“CNN (where I’m a global affairs analyst) notes that the United Kingdom doesn’t have its own version of Fox News, because it has a government regulator that metes out hefty fines to broadcasters that violate minimal standards of impartiality and accuracy,” Boot wrote. “The United States hasn’t had that since the Federal Communications Commission stopped enforcing the ‘fairness’ doctrine in the 1980s. As president, Biden needs to reinvigorate the FCC. Or else the terrorism we saw on Jan. 6 may be only the beginning, rather than the end, of the plot against America.”
The so-called “fairness” doctrine that Boot is suggesting is a throwback to the last time Democrats held control of both Congress and the executive branch after the election of President Barack Obama in 2008.
The Reagan administration, as Boot wrote, ended the Fairness Doctrine in the 1980s, paving the way to the explosion of conservative talk radio.
Clearly, there was a huge audience waiting to hear a different message than what the mainstream media were delivering. To the left, that was intolerable.
After Obama’s election, left-wing commentators and political leaders made an aggressive push for the FCC to effectively silence talk radio, a medium that conservatives continue to dominate.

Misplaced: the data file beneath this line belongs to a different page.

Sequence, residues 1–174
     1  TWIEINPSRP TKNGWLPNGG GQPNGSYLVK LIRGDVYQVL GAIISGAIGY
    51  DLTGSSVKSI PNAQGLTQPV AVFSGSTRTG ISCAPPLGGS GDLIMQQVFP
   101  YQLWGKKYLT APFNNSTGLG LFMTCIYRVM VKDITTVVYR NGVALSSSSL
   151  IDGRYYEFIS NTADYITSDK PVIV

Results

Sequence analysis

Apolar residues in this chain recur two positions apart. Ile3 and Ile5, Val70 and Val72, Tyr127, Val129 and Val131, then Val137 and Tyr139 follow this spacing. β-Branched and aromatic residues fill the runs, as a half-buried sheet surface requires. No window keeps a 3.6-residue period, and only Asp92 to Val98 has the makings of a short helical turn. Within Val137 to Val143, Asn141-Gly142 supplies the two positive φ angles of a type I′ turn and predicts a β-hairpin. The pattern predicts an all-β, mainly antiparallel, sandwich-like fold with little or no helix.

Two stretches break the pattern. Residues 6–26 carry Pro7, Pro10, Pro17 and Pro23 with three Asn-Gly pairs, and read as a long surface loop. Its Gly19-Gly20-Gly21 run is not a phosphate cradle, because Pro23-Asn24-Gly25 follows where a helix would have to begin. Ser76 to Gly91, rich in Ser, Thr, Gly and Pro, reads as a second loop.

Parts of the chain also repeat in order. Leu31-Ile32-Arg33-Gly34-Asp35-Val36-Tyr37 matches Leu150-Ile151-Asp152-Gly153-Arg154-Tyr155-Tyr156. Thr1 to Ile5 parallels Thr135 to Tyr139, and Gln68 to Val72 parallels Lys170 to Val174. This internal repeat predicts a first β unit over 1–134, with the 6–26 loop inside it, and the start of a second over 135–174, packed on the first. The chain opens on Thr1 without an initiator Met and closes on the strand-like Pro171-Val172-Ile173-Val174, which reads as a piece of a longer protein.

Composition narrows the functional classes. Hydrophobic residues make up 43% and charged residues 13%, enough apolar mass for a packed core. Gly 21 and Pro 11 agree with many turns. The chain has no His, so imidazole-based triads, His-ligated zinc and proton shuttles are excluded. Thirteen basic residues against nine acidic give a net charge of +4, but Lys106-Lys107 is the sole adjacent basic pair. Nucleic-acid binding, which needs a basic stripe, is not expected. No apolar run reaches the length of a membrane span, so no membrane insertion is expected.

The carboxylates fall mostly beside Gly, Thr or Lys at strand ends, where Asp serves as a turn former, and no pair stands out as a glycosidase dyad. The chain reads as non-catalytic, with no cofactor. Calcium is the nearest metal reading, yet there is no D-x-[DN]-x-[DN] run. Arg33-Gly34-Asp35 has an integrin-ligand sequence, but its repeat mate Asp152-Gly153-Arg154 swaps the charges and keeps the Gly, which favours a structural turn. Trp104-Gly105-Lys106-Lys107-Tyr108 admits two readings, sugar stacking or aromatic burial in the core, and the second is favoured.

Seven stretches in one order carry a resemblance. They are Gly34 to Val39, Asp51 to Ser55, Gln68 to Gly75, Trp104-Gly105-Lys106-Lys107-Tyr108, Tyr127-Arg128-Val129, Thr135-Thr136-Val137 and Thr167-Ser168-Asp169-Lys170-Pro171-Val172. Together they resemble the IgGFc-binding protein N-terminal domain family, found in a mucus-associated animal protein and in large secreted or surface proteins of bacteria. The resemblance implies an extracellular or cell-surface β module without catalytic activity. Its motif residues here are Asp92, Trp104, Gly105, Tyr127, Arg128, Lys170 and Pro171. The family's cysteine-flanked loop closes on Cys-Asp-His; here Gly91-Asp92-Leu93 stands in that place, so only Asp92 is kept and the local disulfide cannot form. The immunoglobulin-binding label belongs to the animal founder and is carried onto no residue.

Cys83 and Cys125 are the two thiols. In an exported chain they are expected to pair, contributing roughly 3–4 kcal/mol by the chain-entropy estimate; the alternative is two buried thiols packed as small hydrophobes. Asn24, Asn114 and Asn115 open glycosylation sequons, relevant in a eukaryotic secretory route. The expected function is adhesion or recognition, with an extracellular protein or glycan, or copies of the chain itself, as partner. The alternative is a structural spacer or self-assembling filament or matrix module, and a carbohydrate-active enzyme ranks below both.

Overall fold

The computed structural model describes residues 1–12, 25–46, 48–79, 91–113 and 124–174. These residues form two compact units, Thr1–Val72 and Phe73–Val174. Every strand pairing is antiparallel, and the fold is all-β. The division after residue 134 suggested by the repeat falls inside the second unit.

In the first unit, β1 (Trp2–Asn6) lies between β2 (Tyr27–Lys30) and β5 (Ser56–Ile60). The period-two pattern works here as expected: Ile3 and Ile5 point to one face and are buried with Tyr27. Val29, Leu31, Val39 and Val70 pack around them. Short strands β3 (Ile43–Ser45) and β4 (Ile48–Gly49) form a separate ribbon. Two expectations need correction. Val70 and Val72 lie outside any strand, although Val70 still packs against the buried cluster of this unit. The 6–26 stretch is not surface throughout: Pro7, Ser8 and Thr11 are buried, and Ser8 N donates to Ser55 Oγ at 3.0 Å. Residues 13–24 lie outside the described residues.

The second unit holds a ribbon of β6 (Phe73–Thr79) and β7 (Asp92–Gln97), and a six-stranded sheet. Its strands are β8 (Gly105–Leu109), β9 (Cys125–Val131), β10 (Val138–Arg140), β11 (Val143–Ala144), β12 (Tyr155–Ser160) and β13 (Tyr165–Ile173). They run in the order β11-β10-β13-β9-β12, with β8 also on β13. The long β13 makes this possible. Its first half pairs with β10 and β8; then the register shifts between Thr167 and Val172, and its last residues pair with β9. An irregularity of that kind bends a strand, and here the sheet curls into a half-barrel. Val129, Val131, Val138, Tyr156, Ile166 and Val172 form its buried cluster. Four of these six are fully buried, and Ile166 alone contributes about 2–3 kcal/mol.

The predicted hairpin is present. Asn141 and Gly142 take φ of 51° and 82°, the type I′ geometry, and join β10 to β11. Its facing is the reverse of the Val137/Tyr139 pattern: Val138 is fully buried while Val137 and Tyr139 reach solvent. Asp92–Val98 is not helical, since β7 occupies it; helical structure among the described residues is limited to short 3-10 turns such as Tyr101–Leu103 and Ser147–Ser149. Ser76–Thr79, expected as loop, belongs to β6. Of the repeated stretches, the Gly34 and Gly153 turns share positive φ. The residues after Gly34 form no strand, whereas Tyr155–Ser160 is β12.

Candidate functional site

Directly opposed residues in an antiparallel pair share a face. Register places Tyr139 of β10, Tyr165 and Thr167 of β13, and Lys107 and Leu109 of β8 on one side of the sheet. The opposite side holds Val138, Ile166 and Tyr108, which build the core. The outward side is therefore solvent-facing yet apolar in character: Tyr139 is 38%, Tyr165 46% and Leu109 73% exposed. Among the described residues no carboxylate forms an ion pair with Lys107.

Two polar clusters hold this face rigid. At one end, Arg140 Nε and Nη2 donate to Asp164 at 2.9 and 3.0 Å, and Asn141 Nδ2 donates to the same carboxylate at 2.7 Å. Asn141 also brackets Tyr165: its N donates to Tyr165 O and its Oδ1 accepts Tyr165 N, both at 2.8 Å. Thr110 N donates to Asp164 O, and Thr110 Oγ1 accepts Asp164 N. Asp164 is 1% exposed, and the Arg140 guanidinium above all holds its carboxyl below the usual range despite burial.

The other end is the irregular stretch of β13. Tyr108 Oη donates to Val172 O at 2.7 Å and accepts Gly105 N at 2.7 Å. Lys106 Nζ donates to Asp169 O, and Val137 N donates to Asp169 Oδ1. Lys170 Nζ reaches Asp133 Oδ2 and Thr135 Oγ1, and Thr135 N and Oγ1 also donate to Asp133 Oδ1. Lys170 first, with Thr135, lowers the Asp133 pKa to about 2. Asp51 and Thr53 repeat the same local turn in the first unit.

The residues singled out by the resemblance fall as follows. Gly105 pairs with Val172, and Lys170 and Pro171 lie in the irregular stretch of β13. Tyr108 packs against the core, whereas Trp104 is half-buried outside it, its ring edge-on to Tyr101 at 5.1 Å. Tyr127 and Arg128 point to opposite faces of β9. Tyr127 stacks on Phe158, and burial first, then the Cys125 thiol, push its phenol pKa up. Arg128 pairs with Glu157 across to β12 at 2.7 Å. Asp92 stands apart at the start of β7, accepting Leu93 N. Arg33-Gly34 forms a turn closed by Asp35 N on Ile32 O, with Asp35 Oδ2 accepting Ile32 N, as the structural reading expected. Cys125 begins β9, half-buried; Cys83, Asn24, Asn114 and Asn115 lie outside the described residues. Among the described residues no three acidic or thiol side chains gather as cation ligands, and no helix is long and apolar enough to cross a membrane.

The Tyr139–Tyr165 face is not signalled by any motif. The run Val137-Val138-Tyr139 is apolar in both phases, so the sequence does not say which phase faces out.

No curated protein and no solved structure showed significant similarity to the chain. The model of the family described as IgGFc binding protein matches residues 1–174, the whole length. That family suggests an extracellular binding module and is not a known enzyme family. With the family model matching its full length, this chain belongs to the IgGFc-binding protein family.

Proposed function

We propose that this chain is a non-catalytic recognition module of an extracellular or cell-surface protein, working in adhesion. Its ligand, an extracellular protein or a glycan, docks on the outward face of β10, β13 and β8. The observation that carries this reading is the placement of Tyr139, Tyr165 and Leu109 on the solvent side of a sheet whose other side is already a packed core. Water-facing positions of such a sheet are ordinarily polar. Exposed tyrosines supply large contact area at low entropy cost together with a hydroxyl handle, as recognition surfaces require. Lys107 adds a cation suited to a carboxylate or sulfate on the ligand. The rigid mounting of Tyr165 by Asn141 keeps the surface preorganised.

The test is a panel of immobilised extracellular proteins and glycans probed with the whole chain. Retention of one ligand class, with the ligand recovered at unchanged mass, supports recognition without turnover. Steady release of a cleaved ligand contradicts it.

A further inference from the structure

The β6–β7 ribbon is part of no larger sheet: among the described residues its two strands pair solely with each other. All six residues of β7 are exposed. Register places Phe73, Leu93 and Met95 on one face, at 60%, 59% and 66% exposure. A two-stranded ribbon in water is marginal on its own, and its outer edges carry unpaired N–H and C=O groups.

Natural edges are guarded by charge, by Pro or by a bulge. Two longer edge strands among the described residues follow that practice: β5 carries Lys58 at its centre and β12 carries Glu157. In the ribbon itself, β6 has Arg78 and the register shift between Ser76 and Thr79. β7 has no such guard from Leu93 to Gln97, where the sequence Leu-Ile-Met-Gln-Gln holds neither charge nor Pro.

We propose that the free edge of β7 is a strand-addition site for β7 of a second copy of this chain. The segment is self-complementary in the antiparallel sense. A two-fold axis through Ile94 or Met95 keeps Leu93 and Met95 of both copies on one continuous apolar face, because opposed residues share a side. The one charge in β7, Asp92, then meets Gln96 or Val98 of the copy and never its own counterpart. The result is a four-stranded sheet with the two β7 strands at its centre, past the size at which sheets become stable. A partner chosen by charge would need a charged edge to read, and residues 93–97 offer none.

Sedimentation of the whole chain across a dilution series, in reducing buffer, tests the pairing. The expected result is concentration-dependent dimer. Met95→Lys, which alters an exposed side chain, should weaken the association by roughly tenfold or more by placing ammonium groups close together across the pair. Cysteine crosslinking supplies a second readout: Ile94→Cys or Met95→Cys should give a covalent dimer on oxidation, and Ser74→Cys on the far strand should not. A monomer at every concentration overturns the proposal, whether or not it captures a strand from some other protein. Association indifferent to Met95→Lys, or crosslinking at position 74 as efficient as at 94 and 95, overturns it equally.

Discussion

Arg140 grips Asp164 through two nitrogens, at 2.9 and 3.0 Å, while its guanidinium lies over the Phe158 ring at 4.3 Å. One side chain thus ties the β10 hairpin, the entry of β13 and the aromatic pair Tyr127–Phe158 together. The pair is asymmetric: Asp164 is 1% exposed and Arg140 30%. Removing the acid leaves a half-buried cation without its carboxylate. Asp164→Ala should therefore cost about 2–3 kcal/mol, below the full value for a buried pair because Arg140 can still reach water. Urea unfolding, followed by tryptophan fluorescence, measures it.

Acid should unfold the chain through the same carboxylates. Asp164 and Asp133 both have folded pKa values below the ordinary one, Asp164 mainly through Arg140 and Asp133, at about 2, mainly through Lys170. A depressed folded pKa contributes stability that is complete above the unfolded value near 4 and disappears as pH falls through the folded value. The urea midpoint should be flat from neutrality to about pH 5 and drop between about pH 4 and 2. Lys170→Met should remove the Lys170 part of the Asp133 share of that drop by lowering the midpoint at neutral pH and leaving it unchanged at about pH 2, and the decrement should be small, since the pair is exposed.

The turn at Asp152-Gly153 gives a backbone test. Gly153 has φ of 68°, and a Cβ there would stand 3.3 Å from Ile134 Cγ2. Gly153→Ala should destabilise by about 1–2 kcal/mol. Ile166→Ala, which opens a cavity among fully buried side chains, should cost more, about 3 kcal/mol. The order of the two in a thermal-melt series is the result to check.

The Fairness Doctrine, a relic of the New Deal era, forced radio stations to give equal airtime to both sides of the political spectrum. There might have been some justification for the law when radio was the primary medium of mass communication, but from the very beginning, the Fairness Doctrine was used as a stealthy way to suppress political dissent.
It was particularly telling that those calling for a return to the Fairness Doctrine wanted it to apply specifically to talk radio, and not, say, the media the left dominated.
And what would giving “equal time” to views even look like in 2021?
The progressive elite’s idea of political balance is giving some airtime to nominal “conservatives” like Boot and his fellow Washington Post columnist Jennifer Rubin, who use most of their time telling their readers why conservatives and Republicans are bad.
When Democrats tried to revive the Fairness Doctrine in 2008, the naked attempt to neuter conservative talk radio was as thinly veiled as the “robe” worn by the fabled emperor with no clothes. The movement fizzled out as conservatives were roused to oppose it, and Democrats were crushed in the 2010 midterm elections, in which they lost 63 House seats and six in the Senate.
That effort to muzzle speech failed more than a decade ago, but would a renewed and more ruthless attempt to silence critics really be a surprise? The media landscape has changed since 2008, with social media and other online platforms becoming even more dominant.
The result of this is that many media gatekeepers feel even more threatened by their loss of control of the “narrative” and their waning credibility in the eyes of many Americans.
This time, it might not just be conservative talk radio on the chopping block, but all other forms of right-leaning or generally anti-establishment media, too.
It’s a disturbing, albeit predictable, trend unlikely to bring more unity to a deeply divided nation.